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ACKNOWLEDGEMENT

On behalf of the stakeholders of the agriculture sector,


we would like to express gratitude to Ministers of
Agriculture, Hon. Dr. Leslie Ramsammy and Hon. Mr. Ali
Baksh for their invaluable contribution and guidance in
crafting the Agriculture 2013-2020 Strategy.

Additionally, gratitude is extended to all Heads of


Department of the Ministry for their leadership,
commitment, technical inputs and fervent support in
developing this document.

Recognition must be accorded to Dr. Oudho Homenauth,


CEO NAREI for his continued support and inputs during
the process of developing the strategy.

In addition, we would like to acknowledge the


contribution of Ms. Natasha Beerjit Deonarine, Head of
M&E for her work on the document.

We are indebted to the Hon. Minister of Agriculture, Dr.


Leslie Ramsammy for being the Lead Writer of this
Strategy. MINISTRY OF AGRICULTURE
As PS I will lead a team that will meet twice per year to
assess implementation of this strategy and I look forward Shiv Chanderpaul Drive & Regent Street, Georgetown
to the Annual Report which will provide an Tel: 592-227-5049, 223-7291, 225-8310
Implementation Index.
Email: ministerofagriculture@gmail.com
Website: http://agriculture.gov.gy

A National Strategy for Agriculture in Guyana: 2013 - 2020


Message from the Ministers of Agriculture
We are pleased to introduce the 2013-2020
2020 National Agriculture Strategy for Guyana. This is
the first overall Agriculture Strategy for Guyana. In the past sub
sub-sector agriculture strategies
have been presented, however this is the first time we have developed and presented a
strategy that is an overall agriculture strategy, to go along with the various sub sub-sector
strategies.

The strategy provides clear indicators to ensure a robust monitoring and evaluation
mechanism. It will be accompanied by detailed annual workplans and an Annual Report
R that
will measure implementation rate. There will also be an Implementation Index to assess our
annual achievements.

The title of our agriculture strategy is AGRICULTURE – OUR VEHICLE FOR SUSTAINED
ECONOMIC AND SOCIAL PROSPERITY. The title declares u unambiguously our view of
agriculture. It is not merely another economic pillar. Indeed, agriculture in Guyana is a
lifestyle; it is the very root and fabric of our society.

The 2013-2020
2020 Agriculture Strategy loudly rejects the notion promoted in developing
countries that agriculture is for subsistence livelihood. The MOA presents the Strategy as a
wealth generation economic system. While we accept that agriculture is the most powerful
economic and social tool to eliminate poverty and hunger, we present an Agriculture
A Strategy
for Guyana that has the potential to generate wealth at both family and national levels.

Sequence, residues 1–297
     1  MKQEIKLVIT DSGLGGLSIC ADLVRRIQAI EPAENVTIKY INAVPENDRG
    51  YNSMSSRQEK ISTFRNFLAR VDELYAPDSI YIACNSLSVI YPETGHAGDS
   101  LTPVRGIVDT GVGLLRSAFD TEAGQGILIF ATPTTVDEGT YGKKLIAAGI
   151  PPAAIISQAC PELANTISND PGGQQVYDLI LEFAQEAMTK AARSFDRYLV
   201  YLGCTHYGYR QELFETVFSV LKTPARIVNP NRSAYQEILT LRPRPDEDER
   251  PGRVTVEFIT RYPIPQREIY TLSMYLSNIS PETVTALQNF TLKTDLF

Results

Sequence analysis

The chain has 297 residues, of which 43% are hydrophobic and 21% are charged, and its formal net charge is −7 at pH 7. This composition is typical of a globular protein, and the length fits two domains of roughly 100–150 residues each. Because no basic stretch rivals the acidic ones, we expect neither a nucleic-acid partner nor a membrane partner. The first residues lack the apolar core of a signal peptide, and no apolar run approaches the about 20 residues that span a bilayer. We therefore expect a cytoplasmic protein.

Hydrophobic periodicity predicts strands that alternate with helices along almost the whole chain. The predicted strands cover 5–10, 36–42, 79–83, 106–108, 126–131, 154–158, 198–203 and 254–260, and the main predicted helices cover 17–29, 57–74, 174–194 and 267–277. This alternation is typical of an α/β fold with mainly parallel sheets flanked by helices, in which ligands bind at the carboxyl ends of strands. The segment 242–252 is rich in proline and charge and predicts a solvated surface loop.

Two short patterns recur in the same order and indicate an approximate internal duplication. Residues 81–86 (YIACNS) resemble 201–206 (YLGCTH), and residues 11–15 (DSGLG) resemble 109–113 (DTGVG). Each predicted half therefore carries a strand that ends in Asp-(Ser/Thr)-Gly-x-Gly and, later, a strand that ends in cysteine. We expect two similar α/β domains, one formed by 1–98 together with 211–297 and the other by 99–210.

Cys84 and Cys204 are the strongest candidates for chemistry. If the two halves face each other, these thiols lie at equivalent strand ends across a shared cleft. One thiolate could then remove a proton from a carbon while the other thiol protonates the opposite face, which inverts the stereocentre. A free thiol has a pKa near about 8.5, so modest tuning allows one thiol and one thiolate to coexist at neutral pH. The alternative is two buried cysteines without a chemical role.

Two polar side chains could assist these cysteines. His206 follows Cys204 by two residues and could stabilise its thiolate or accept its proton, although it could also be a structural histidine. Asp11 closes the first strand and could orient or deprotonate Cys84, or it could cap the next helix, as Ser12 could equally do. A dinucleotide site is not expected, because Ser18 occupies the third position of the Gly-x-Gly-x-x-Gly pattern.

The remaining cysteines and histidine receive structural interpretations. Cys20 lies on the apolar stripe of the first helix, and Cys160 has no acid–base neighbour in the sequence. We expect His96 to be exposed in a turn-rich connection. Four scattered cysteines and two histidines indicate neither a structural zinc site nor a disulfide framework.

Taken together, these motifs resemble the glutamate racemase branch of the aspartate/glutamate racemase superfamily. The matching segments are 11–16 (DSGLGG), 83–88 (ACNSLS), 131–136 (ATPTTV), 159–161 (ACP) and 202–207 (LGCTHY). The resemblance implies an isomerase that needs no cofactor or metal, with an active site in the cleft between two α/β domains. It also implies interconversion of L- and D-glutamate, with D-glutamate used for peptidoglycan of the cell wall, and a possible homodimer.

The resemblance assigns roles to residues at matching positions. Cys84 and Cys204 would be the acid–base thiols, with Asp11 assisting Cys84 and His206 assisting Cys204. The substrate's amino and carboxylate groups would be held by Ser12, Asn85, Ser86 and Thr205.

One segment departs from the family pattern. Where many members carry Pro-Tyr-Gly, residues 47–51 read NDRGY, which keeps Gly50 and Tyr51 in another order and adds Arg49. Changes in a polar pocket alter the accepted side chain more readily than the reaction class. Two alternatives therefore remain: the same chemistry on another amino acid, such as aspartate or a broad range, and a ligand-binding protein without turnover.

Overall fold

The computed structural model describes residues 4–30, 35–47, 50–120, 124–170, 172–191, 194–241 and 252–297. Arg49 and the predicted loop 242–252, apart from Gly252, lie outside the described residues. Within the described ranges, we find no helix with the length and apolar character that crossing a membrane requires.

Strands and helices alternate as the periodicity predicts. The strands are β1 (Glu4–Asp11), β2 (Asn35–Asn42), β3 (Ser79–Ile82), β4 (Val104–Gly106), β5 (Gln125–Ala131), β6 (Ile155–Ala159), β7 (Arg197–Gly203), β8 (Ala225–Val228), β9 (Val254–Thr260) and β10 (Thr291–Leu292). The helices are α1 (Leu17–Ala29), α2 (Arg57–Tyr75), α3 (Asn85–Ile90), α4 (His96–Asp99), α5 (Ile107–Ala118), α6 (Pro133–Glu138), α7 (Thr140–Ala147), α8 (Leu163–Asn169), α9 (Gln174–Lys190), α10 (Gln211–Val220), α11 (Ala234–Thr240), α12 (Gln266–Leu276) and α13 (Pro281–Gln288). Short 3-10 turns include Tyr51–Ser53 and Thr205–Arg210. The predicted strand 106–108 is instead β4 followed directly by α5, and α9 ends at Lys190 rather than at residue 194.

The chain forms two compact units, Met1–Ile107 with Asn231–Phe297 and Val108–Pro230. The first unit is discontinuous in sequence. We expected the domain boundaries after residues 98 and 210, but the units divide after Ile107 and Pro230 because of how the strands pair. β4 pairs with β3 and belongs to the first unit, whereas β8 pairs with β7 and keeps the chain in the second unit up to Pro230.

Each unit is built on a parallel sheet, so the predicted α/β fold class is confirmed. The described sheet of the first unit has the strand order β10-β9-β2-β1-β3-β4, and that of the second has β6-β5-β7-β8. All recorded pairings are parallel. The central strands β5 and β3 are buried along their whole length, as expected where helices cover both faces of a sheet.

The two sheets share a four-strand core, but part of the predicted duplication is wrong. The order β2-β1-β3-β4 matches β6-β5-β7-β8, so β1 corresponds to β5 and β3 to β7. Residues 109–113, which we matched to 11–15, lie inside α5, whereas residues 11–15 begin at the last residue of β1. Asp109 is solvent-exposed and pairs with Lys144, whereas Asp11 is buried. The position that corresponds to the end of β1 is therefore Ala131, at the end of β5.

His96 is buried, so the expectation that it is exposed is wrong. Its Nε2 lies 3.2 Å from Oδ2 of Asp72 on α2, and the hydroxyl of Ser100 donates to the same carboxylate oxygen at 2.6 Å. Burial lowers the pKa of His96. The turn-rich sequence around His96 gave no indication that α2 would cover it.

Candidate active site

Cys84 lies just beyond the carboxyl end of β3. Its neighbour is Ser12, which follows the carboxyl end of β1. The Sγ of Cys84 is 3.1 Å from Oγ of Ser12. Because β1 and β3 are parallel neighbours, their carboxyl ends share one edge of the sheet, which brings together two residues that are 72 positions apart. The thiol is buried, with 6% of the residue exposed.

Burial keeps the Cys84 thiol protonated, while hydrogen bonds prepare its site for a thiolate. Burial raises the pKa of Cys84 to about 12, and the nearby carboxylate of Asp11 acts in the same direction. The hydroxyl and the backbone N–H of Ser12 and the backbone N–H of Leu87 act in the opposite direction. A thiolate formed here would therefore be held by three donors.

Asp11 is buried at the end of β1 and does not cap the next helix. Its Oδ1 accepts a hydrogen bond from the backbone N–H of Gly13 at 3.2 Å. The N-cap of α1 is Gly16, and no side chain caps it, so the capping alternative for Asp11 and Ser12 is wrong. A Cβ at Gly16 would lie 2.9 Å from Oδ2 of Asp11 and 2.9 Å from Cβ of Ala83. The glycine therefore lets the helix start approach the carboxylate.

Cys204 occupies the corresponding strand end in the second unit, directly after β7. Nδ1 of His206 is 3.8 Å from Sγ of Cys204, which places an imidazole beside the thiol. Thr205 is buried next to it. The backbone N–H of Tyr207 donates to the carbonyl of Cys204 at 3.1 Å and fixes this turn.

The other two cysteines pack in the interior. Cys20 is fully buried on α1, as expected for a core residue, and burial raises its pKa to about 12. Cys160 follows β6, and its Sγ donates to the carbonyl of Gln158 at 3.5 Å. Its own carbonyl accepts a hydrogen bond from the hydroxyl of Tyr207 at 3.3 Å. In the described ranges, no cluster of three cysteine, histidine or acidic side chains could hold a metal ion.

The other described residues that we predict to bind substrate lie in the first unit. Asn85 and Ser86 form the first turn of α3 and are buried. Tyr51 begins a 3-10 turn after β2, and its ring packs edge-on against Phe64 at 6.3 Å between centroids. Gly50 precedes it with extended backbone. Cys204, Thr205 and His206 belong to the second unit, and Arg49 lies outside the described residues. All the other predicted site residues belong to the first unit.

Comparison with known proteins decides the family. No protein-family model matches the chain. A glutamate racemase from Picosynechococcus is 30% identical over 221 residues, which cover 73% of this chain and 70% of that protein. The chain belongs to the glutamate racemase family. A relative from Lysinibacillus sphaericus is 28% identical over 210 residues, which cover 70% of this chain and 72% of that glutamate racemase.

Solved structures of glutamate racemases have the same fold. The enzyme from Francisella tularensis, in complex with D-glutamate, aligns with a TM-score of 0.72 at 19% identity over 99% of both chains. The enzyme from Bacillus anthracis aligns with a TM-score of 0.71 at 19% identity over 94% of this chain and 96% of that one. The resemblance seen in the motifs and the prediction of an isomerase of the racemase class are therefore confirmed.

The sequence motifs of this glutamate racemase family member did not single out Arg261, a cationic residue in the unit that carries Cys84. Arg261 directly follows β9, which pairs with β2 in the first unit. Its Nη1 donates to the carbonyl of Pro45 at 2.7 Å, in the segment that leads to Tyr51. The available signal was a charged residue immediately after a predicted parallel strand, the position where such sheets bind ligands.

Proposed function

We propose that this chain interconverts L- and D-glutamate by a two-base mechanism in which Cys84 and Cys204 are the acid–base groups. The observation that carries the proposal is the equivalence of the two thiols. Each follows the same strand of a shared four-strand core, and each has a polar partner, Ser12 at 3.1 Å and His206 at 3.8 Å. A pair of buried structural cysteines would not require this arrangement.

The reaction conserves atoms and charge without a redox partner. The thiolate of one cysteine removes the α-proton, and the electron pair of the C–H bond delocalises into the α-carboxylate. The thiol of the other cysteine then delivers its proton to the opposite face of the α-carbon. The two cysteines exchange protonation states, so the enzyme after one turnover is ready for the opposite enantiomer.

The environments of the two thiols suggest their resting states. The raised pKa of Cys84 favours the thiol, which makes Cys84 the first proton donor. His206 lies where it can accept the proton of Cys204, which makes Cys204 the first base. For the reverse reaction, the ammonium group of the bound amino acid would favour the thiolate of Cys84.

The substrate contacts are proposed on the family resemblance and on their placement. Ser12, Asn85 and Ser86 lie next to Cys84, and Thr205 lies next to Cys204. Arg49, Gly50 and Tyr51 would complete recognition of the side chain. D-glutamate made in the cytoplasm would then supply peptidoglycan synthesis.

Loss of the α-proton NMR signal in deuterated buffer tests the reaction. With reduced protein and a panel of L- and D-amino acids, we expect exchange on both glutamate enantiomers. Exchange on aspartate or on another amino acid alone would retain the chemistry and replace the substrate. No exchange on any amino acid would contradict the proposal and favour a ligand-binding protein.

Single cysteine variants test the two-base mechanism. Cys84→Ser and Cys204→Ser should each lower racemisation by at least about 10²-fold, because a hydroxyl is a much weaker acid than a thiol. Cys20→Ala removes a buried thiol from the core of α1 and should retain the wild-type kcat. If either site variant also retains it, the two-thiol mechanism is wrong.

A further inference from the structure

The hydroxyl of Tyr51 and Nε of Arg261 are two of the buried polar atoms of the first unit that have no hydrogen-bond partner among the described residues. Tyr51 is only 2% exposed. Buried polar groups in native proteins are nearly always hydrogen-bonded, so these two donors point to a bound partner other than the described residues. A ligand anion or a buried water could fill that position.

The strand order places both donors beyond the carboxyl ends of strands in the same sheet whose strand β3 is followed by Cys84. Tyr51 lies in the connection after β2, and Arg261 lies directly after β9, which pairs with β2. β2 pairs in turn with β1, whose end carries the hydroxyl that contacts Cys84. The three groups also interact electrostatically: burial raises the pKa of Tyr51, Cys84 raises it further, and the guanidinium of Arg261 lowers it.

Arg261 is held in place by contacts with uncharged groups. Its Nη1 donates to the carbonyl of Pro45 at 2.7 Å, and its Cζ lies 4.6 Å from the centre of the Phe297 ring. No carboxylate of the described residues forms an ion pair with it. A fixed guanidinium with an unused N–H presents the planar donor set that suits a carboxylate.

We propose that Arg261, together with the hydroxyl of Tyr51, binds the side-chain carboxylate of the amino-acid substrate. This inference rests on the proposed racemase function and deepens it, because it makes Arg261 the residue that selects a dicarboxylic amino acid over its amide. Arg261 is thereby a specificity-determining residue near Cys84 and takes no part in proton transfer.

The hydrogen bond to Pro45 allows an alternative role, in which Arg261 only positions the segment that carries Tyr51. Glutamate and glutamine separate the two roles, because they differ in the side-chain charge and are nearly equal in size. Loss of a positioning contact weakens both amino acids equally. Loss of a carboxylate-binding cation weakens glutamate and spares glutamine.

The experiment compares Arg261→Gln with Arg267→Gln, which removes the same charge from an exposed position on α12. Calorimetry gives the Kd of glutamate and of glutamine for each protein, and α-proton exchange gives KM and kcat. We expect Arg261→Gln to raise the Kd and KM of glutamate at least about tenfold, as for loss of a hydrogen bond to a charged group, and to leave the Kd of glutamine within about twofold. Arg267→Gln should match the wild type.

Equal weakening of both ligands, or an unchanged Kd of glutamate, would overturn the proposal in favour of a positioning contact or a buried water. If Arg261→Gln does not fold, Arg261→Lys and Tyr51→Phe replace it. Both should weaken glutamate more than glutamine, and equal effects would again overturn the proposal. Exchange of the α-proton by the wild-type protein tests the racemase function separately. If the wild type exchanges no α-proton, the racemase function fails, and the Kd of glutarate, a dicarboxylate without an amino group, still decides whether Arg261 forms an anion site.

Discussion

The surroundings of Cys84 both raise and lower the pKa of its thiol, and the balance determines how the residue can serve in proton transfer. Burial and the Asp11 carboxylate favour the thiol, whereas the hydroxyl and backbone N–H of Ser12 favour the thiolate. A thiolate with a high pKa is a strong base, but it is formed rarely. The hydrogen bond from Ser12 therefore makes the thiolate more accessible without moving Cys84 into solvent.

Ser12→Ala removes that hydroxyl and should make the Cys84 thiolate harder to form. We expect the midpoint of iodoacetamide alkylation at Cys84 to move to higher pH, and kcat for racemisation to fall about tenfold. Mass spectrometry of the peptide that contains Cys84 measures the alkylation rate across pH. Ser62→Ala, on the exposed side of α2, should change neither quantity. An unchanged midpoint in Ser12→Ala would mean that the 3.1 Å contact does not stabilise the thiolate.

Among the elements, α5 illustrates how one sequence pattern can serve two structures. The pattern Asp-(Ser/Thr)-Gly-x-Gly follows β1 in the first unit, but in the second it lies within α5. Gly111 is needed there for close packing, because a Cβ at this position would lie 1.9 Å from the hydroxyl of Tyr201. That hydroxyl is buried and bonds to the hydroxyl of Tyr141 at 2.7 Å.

The Agriculture Strategy presented through this document is one that if implemented fully will
ensure that agriculture continues to be a dominant force in Guyana’s economy. In part this is
because it also seeks to industrialize agriculture. Never before in Guyana’s history has there
been such concerted effort in transforming agriculture from a grassroots producer of primary
products to one in which manufacturing provides value-added
value commodities.

The Agriculture Sector is one of the largest areas for investment in Guyana’s economy. More
than $50B is invested in current expenditure each year by small scale and large farming It esures
sures that women and youth become even
enterprises. The strategy we present today is one where ample opportunities are provided for more engaged in agriculture than they are
Guyanese families and international investors to engage in entrepreneurship. presently in Guyana.

Clearly, agriculture is the most vital element in food and nutrition security. The 2013-2020
2013 We promote mechanization as a way forward.
Agriculture Strategy outlines a Roadmap to ensure that Guyana achieves its ambitions as a A link with science is made an imperative.
food and nutrition secure nation and as a major contributor to Food and Nutrition Security While we are a small nation, we endeavor to
within CARICOM. But the strategy also recognizes that agriculture is more than food and be one of the more important agriculture
nutrition
on security. One exciting new thrust for agriculture in Guyana is agri
agri-energy. The 2013- centers in the Region of the Americas.
2020 strategy seeks to establish Guyana as the major agri
agri-energy producer in CARICOM.
The strategy recognizes the need for
Further, the 2013-2020
2020 Strategy promotes Guyana’s Agriculture in the field of fashion
fash and infrastructure and there is an Infra-structure